Today we were visited by the 5th grade girls group from the Young Women’s Resource Center. Our desk manager, Brittany, is a mentor for this weekly group and we decided that who better to teach the girls about basic skin care (and spa careers!) than Brittany’s co-workers!
While preparing for our visitors, Lydia and Cassandra spent awhile researching and sharing with me good advice for anyone, but ESPECIALLY girls who are just starting to develop changes in their skin. Please pass along their great questions and our estheticians’ answers to any young people (and their parents) that you know who are needing skin care advice!
Q: What’s a pimple?
A: A pimple is a clogged pore. A pimple becomes a whitehead when it worsens and the oil can’t get to the surface. You’ll see a white dot at the tip which means it is ready to be extracted (by a professional!) A blackhead is a pore clogged by bacteria that turns dark when exposed to air. Contrary to common belief, it is not caused by “dirt.”
Q: Do I have to wash my face EVERY day?
A: We recommend washing your face morning and night. At night, you’re sleeping for 7-8 hours (or more!) and that gives plenty of time for any bacteria and oil left on your face time to clog your pores. It is also important to wash your face or at least to use a cleansing wipe after gym class or sports practice.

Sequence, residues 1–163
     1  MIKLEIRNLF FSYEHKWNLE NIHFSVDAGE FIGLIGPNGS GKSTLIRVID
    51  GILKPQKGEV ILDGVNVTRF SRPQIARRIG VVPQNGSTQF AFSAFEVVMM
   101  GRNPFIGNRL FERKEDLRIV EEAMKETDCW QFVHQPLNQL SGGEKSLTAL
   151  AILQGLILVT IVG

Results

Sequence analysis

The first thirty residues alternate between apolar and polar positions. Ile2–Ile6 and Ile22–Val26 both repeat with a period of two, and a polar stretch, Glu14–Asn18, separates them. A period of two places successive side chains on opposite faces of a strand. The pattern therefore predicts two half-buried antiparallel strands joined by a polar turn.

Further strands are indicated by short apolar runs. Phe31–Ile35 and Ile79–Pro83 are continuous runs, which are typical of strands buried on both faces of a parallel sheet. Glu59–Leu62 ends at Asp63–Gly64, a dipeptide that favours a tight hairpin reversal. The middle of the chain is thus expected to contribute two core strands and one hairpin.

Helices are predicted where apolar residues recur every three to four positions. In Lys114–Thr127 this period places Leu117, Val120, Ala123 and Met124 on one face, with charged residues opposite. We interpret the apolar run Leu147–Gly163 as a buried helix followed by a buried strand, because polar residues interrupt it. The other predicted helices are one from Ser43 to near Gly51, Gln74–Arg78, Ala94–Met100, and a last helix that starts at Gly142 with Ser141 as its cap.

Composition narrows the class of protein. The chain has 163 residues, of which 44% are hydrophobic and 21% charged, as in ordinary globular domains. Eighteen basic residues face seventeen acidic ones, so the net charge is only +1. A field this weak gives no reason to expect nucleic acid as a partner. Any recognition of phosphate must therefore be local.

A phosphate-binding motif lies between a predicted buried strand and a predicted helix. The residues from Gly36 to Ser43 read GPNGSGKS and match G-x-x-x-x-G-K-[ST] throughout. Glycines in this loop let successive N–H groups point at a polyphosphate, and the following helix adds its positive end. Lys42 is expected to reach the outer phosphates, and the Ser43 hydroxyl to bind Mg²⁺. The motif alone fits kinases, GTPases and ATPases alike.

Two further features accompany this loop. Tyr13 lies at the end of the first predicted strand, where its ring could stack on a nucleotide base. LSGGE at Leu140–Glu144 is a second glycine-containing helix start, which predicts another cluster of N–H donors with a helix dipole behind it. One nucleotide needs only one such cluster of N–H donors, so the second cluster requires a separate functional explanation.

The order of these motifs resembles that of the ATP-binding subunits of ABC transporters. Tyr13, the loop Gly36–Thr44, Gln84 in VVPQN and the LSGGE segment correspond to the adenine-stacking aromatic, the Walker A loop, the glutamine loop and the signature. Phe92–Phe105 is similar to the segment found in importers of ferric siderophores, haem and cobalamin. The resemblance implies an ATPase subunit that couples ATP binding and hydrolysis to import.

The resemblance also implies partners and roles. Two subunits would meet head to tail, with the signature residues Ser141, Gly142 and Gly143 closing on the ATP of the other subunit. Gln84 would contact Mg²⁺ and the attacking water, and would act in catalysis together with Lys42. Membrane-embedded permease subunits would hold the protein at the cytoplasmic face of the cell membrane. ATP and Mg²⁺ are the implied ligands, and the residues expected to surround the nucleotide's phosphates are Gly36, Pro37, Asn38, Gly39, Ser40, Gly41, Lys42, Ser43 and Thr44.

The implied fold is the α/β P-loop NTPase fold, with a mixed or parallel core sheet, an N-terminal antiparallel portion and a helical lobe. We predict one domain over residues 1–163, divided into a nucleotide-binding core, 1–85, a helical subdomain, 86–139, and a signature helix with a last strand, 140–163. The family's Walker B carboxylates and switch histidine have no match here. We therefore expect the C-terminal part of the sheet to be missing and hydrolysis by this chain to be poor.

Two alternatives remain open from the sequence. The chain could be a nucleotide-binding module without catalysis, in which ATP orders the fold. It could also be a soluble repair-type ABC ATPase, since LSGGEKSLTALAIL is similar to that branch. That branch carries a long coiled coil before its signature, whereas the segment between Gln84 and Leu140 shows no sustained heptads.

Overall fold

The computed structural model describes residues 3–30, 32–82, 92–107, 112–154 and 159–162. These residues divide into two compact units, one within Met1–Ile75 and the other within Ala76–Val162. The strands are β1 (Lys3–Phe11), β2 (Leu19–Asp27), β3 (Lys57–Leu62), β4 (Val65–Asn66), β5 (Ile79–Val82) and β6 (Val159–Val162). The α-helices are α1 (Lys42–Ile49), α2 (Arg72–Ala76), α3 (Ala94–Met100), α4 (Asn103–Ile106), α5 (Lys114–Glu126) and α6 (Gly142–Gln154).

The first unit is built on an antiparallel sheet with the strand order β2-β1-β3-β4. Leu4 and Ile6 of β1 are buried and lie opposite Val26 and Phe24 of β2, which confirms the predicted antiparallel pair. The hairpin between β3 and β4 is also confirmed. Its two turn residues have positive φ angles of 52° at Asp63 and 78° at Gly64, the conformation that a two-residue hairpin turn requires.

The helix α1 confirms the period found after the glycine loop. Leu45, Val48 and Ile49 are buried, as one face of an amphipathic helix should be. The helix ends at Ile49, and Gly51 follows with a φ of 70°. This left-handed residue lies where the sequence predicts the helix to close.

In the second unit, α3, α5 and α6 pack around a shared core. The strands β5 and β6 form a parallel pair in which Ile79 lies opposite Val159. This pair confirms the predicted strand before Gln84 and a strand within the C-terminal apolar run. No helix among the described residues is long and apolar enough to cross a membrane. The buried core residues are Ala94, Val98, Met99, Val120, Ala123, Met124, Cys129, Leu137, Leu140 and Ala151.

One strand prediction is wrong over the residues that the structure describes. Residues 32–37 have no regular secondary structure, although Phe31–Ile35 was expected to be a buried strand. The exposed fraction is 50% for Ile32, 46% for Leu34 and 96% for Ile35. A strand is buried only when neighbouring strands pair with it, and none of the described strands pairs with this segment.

Q: How does bacteria get on your face?
A: Think of all the things we touch every day, then we touch our face! Our phones have more bacteria than most toilet seats (really! ICK!) and our pillow cases also harbor lots of oil from our hair and bacteria. Regularly washing your hands, wiping off your phone, and changing your pillow case is a great way to help reduce bacteria on your skin. Also try not to touch your face.
Q: What else causes me to get pimples?
A: Genetics, hormonal changes, some medications, bacteria, and the use of cheaper/greasy make-up that can clog pores are common causes of pimples.
Q: Should I pop a pimple?
A: NO! If you are getting lots of pimples, you’ll want to see a dermatologist (skin care doctor) or an esthetician (a person with education and a license educate you about skin care and provide facials). If you get an occasional pimple, you might be able to treat it with a clay type mask and/or a bit of a clearing spot treatment. If you pick at your pimples, you run the risk of getting a scar or introducing an infection once bacteria gets into the sore you leave behind.
Scenes from our YWRC group visit
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